In March 2020, the month in which the World Health Organization declared COVID-19 to be a global pandemic, the United States wasn't doing nearly as much testing as it should have been. But Trump, according to Abutaleb and Paletta, believed the U.S. was doing too much — and his reason was entirely political. Trump, during a March 18, 2020 phone conversation with then-Health and Human Services Secretary Alex Azar, reportedly shouted, "Testing is killing me! I'm going to lose the election because of testing! What idiot had the federal government do testing?"
4. No one knew exactly who was in charge of Trump's COVID-19 response
Trump had two separate COVID-19 task forces in 2020: a White House task force led by then-Vice President Mike Pence, and a task force led by Kushner that focused on private sector efforts in response to the pandemic. According to Abutaleb and Paletta, the Trump Administration's COVID-19 response was so chaotic that it was hard to know who exactly was in charge.
In their book, Abutaleb and Paletta, "One of the biggest flaws in the Trump Administration's response is that no one was in charge of the response. Was it (Dr. Deborah) Birx, the task force coordinator? Was it Pence, head of the task force? Was it Trump, the boss? Was it Kushner, running the shadow task force until he wasn't? Was it Marc Short or Mark Meadows, often at odds, rarely in sync? Ultimately, there was no accountability, and the response was rudderless."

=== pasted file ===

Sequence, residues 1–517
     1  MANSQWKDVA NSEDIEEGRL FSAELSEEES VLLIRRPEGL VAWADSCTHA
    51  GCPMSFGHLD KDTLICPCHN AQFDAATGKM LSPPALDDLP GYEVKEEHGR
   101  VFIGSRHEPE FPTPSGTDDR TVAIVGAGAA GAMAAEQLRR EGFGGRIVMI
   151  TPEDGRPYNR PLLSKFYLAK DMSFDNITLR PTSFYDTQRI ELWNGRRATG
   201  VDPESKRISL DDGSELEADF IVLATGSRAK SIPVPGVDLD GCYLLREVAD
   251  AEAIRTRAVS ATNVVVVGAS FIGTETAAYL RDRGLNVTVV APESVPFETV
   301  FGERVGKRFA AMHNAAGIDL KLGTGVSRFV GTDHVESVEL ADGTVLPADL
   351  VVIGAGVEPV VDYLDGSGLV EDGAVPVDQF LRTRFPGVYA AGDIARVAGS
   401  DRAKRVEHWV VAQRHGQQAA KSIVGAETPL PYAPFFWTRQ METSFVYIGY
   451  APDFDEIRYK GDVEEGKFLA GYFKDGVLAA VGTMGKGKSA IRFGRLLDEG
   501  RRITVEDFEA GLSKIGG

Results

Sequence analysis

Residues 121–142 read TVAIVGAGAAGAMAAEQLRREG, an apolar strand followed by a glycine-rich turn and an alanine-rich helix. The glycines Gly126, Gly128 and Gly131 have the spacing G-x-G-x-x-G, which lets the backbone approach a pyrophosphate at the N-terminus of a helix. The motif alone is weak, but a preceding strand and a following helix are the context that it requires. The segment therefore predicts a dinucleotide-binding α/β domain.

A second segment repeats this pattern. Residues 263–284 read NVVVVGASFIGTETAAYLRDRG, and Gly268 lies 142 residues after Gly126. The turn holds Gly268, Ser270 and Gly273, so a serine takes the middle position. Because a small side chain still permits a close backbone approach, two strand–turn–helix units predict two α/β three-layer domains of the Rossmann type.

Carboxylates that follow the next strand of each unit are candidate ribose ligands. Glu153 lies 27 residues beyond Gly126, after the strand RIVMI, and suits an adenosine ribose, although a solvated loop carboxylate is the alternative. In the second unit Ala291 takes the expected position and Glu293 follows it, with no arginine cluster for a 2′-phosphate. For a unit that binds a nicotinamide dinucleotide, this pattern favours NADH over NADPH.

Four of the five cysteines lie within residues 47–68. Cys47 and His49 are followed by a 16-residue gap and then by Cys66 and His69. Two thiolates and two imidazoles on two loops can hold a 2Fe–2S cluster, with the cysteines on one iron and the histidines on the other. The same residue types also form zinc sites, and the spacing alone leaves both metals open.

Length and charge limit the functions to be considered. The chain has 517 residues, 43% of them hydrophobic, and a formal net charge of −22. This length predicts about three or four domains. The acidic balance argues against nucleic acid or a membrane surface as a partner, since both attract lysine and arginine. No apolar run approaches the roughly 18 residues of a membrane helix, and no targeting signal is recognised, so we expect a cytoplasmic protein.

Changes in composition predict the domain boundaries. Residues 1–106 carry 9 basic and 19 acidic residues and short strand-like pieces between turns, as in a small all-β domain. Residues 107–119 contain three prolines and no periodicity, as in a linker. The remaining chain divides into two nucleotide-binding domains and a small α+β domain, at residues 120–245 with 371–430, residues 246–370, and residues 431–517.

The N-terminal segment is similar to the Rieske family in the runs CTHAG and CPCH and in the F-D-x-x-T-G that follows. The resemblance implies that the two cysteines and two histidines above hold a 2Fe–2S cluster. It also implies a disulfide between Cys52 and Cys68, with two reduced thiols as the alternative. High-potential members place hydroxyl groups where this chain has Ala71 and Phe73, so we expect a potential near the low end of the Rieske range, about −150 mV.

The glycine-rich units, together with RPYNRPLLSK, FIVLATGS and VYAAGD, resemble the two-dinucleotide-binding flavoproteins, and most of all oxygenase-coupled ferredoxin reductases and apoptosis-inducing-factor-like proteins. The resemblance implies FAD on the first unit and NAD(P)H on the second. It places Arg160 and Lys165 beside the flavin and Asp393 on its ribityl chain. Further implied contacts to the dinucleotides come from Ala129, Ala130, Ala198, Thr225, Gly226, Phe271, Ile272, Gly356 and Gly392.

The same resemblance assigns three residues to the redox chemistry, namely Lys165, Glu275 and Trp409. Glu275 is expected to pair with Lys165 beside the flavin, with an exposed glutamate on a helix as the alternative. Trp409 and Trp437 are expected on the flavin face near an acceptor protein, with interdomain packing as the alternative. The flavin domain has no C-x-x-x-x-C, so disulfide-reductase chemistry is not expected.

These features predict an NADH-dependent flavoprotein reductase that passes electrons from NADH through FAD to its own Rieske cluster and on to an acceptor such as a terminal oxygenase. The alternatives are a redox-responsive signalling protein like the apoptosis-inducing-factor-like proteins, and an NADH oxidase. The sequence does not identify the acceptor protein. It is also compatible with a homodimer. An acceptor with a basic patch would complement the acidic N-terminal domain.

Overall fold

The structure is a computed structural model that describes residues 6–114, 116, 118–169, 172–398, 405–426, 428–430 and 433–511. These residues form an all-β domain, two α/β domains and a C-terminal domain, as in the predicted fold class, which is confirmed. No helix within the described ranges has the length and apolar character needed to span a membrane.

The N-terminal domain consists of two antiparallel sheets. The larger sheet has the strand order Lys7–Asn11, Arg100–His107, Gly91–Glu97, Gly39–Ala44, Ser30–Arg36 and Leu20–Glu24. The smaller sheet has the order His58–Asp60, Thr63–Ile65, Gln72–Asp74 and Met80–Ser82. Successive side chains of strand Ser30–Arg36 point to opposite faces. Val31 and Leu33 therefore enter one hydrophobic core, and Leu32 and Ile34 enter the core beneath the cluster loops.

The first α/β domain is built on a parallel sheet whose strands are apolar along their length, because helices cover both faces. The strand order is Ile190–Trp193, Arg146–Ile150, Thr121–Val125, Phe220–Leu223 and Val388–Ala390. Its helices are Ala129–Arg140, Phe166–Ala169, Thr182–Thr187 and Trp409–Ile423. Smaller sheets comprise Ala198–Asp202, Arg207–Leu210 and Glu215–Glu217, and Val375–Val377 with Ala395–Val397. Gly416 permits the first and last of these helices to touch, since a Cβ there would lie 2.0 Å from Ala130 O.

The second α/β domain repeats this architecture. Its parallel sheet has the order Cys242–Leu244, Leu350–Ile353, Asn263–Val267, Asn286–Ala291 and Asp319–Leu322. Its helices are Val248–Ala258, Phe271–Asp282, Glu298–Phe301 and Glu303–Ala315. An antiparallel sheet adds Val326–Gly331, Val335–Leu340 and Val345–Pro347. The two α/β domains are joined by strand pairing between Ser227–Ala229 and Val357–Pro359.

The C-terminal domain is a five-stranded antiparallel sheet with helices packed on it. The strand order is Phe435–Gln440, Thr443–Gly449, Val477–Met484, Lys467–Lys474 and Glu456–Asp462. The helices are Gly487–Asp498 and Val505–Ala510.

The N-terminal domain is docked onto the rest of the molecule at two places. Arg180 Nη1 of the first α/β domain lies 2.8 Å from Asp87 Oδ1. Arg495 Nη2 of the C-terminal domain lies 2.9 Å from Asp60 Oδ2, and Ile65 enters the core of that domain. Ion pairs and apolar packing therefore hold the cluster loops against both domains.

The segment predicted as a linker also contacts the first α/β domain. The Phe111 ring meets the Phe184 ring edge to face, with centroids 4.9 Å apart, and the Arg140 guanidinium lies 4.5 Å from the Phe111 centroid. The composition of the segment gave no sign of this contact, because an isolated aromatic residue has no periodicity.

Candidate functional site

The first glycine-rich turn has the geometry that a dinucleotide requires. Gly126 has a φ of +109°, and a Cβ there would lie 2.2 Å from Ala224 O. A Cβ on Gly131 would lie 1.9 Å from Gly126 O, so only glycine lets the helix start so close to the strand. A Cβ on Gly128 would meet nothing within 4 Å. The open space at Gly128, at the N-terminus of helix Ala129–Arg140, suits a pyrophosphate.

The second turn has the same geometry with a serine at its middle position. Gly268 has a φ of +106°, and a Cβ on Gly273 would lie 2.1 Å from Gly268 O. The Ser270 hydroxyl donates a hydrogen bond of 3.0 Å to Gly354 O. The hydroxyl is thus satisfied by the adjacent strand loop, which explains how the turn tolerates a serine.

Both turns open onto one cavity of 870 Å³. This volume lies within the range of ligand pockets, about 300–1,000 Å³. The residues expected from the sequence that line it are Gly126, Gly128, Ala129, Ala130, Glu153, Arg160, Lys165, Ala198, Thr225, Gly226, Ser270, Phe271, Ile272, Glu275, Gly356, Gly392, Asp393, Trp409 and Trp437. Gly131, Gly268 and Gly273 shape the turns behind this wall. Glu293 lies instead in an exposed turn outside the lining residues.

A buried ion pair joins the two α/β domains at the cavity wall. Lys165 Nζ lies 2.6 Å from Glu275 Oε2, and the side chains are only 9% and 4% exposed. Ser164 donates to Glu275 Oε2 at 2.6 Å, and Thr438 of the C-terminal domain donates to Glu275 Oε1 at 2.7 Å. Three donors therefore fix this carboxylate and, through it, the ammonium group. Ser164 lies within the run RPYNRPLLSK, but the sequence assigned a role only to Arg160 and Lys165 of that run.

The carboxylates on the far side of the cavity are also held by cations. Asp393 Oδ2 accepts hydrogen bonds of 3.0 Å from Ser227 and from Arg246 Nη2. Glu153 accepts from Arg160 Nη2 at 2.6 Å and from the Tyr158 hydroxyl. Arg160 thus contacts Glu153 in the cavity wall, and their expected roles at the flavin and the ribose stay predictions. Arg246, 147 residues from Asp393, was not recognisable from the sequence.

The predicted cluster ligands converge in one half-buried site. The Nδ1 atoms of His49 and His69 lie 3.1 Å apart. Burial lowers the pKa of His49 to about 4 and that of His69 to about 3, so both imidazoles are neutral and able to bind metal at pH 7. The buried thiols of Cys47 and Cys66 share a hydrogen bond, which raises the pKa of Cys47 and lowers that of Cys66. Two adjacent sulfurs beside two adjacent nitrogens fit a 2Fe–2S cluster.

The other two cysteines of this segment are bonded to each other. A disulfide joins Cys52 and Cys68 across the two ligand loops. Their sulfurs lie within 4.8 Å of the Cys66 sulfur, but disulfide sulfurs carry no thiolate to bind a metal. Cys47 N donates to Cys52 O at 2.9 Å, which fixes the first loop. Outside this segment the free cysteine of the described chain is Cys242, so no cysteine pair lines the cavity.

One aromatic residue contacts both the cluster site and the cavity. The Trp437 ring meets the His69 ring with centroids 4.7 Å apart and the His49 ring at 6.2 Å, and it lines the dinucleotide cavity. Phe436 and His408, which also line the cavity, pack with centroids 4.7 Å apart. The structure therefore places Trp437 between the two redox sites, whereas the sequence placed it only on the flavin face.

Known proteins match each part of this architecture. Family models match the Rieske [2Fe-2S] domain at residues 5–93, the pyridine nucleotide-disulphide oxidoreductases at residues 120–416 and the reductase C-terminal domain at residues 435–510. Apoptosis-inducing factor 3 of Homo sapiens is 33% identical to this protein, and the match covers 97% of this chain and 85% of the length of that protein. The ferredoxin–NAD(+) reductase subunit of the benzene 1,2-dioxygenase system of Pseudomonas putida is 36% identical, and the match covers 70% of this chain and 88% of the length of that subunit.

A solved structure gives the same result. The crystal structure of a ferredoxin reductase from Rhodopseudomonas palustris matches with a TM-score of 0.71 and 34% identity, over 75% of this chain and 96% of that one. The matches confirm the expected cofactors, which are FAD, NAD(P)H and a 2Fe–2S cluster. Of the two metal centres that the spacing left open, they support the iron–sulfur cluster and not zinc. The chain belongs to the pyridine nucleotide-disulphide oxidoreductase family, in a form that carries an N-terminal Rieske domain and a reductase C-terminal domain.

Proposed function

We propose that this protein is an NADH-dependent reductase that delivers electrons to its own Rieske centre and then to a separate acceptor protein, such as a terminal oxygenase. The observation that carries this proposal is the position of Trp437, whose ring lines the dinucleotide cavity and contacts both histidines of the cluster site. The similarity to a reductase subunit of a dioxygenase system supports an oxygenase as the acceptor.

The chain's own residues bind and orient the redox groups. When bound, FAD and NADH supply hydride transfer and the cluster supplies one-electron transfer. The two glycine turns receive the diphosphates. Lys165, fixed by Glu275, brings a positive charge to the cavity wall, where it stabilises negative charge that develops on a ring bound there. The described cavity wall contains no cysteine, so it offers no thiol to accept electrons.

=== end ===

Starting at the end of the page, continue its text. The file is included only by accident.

5. Mark Meadows berated a top HHS official
After former Rep. Mark Meadows replaced Mick Mulvaney as White House chief of staff, he became — according to Abutaleb and Paletta — a source of misery for Kadlec. When there was a delay with the rollout of remdesivir (a drug used to treat COVID-19), Meadows reportedly screamed at Kadlec, "I'm going to fire your ass if you can't fix this." According to Abutaleb and Paletta, "That was what the response had turned into: a toxic environment in which no matter where you turned, someone was ready to rip your head off or threatening to fire you."